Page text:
RAD 442. CLINICAL RESEARCH METHODS. A study of research design methodology in radiologic sciences. Topics include terminology of research, qualitative and quantitative methods, statistics, basic research designs and data analysis techniques. Emphasis is placed on critical review of radiologic sciences research studies and their application to clinical practice. (Lecture) (4 semester hours)

    RAD 445. CONCEPTS OF MAGNETIC RESONANCE IMAGING. A study of the basic physical principles of magnetic resonance imaging (MRI). Content includes fundamentals of magnetic resonance imaging, equipment and instrumentation, radiofrequency and gradients, image production parameters, contrast media, pulse sequences, safety essentials, image quality, and procedure protocols of common magnetic resonance imaging examinations. Provides an overview of human anatomy, viewed in body sections, as it relates to the imaging professional. Pathologic diseases and conditions commonly imaged utilizing MRI will also be studied. (Lecture) (3 semester hours)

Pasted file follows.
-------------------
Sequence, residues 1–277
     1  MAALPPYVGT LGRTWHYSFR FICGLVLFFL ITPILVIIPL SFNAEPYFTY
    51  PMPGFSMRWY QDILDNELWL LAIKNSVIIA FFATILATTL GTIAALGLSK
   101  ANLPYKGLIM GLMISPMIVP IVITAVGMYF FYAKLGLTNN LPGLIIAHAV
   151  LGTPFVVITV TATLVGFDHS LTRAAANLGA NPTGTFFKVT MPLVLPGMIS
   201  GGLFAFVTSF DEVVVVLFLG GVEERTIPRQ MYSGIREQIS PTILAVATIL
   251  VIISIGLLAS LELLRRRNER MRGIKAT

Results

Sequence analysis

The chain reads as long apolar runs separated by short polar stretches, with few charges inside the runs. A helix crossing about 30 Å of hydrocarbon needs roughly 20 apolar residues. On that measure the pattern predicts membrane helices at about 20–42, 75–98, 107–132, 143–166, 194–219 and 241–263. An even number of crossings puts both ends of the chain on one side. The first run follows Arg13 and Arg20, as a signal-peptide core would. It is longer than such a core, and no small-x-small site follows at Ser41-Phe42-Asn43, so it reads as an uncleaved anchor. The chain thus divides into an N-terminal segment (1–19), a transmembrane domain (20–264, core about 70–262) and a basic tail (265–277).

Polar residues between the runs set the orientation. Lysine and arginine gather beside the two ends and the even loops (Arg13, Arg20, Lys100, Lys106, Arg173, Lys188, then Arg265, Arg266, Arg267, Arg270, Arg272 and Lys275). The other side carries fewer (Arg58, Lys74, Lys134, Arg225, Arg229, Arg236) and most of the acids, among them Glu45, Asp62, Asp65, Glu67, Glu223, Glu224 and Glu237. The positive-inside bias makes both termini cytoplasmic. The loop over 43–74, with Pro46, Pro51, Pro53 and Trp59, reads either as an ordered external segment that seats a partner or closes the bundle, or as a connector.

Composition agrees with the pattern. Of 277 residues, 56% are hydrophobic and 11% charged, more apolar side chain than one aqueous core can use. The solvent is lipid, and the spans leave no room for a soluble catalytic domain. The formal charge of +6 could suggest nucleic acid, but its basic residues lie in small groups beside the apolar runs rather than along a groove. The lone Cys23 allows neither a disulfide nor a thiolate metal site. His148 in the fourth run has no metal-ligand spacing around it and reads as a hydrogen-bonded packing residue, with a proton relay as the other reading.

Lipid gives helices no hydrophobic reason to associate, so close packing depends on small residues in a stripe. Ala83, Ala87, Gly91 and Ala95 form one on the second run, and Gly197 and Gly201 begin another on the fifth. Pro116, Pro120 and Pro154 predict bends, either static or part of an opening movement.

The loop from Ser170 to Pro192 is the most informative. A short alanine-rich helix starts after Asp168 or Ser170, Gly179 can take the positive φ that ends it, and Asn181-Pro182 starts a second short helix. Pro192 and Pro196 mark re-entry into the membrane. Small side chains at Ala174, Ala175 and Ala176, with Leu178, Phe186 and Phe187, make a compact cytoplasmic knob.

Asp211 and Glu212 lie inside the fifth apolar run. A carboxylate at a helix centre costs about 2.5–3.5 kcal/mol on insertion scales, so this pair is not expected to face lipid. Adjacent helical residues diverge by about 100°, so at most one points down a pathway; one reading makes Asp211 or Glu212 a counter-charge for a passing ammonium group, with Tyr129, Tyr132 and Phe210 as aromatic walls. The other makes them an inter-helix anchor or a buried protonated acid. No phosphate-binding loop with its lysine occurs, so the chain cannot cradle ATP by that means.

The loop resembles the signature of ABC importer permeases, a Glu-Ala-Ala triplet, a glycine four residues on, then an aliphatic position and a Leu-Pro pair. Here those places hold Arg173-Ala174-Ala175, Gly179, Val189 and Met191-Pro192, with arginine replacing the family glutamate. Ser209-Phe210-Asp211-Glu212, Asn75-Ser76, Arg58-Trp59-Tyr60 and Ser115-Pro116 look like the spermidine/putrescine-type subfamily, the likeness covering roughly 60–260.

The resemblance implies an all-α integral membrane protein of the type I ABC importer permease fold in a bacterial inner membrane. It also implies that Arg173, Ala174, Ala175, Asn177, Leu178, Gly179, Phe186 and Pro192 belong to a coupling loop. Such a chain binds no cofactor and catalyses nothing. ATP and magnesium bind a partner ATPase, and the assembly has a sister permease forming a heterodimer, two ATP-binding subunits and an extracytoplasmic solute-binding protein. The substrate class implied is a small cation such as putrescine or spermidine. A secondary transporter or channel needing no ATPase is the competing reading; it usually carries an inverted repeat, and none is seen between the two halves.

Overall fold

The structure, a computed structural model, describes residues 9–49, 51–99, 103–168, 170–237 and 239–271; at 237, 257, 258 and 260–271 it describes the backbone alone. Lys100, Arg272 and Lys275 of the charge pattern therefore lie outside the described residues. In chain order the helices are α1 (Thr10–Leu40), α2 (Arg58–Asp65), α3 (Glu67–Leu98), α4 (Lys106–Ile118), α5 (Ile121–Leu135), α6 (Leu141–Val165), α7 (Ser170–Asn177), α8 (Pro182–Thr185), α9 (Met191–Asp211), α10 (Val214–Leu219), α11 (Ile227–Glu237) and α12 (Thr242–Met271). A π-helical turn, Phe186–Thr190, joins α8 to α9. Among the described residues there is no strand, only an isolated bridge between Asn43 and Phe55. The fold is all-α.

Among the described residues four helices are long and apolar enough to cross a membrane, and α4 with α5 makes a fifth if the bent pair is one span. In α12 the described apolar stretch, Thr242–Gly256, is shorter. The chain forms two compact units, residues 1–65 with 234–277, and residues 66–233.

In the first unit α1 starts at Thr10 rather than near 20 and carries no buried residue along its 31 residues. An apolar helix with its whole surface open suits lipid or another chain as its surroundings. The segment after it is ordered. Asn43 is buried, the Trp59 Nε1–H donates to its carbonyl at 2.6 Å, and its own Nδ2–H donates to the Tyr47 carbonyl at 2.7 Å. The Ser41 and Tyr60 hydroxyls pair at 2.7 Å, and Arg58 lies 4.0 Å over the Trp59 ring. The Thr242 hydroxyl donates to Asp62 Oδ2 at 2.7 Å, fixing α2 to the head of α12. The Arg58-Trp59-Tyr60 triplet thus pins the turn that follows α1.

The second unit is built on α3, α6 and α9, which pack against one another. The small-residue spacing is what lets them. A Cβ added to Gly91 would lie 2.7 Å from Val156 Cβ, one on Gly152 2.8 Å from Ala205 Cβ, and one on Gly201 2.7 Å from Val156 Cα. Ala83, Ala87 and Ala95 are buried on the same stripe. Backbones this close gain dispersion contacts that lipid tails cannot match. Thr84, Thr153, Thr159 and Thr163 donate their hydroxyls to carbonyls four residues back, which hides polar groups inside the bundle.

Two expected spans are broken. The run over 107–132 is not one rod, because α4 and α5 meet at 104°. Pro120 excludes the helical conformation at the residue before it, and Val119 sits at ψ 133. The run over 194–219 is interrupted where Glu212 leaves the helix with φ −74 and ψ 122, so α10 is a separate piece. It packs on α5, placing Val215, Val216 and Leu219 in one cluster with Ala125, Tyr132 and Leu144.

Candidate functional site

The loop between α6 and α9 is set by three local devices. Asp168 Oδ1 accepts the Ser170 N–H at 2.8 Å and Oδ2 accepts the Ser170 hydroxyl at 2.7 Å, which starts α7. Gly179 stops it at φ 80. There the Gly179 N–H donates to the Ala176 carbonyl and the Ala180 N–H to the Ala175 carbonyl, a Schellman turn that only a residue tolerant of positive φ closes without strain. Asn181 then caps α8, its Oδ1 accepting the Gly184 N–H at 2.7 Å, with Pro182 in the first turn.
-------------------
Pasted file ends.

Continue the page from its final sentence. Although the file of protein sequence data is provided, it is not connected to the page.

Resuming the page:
RAD 448. RADIOGRAPHIC PROCEDURES IV. A continuation of RAD 406.  Content includes the radiographic anatomy and positioning of the urinary system, reproductive system and central nervous system as well as the use of advanced radiographic procedures. Laboratory experience may be used to complement the didactic portion. (Lecture/Lab) (3 semester hours)